8 Ways to Help Your Heart. Part 2

Wednesday, November 30, 2011 11:06
Posted in category Health

Get regular blood pressure checks — As it is with cholesterol, the higher your blood pressure, the greater your risk for heart disease. Readings between 80/50 and 130/85 millimeters of mercury (mm Hg) are generally considered normal. But since individual levels can vary, talk with your doctor about what’s best for you and how to achieve it.

Exercise — Regular physical activity improves blood circulation throughout the body, allowing your heart, lungs and other muscles and organs to work together more effectively. Most doctors recommend at least 30 minutes of moderate exercise five days a week — although according to the “2000 Heart and Stroke Statistical Update,” only 22 percent of Americans follow this advice. But statistics prove it’s undoubtedly worth it: Regular exercise can decrease your risk of heart attack by up to 50 percent.

Avoid obesity — Harvard health experts say being more than 20 percent over your ideal body weight can lead to a number of heart disease risk factors, including diabetes and high blood pressure.

Avoid too much alcohol — According to Harvard researchers, moderate drinking (meaning one or two drinks a day) may decrease your chances of developing heart disease. More than that raises your risk.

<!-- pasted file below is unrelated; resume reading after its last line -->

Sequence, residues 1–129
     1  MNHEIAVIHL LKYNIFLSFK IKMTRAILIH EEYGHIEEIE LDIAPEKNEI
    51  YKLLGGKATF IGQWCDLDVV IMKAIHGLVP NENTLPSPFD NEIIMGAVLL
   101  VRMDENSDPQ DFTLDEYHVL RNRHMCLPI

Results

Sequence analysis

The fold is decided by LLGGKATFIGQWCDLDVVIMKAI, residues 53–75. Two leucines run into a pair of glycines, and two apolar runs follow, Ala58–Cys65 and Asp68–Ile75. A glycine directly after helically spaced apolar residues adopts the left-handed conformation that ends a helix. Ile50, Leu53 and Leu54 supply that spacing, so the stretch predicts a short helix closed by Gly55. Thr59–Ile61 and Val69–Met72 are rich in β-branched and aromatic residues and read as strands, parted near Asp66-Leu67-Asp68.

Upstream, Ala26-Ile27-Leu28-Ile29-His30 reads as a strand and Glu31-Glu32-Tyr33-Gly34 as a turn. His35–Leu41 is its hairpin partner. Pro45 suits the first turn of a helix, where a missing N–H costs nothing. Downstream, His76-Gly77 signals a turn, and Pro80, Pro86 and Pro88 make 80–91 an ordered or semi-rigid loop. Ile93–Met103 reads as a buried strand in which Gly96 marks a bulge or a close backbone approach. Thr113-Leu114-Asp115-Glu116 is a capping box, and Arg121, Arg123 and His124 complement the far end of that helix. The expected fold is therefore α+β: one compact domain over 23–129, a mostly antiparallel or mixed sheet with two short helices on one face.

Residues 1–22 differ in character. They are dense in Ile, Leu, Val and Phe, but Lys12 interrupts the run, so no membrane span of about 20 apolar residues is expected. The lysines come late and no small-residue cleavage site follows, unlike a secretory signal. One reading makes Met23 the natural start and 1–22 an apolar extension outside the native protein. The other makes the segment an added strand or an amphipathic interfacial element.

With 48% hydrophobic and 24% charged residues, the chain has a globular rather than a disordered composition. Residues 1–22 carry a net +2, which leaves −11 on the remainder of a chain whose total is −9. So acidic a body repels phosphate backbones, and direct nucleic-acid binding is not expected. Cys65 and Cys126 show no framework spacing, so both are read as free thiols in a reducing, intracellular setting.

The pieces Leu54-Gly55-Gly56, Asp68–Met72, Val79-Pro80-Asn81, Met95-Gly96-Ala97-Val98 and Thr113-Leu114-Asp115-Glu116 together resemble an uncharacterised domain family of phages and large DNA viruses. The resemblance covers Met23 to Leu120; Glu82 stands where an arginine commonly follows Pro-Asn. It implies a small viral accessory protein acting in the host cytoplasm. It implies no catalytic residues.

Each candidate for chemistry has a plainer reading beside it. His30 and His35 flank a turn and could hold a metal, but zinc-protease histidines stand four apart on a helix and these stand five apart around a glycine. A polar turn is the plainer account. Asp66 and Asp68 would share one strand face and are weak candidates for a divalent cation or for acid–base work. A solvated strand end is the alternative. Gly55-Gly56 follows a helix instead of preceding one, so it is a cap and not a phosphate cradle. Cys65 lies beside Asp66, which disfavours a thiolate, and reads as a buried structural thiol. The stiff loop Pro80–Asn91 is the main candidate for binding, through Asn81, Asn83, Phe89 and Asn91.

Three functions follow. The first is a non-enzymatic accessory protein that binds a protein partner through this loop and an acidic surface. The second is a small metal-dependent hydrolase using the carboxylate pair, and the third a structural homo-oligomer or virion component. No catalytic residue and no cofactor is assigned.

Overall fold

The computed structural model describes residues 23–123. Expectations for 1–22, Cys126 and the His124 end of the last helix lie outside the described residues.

Chill out — Stress itself probably doesn’t cause heart disease. But when you’re stressed, you’re more likely to grab a doughnut, smoke a cigarette or flop on the couch — all unhealthy habits that contribute to heart disease, many health experts say.

Consider adding vitamin E to your diet — An AHA study found that carefully controlled doses of vitamin E were 75 percent effective in preventing heart attacks during an 18-month study. Although the AHA does not officially encourage people to take antioxidants (vitamins E and C, selenium and beta carotene) to help prevent heart disease, some officials there do tout their possibilities. But you should always talk with your doctor before starting any kind of vitamin regime.

“Most women don’t know that heart disease has been the biggest killer of women since 1908,” Libov said. Her latest book on heart disease, “The Women’s Heart Book,” second edition (Hyperion, $14.95), is scheduled for release during American Heart Month in February 2001. “But it’s becoming more and more important for women to be proactive and look out for their own health. My hope is that younger women get this message, too, when they can really lay the groundwork for keeping their hearts healthy.”

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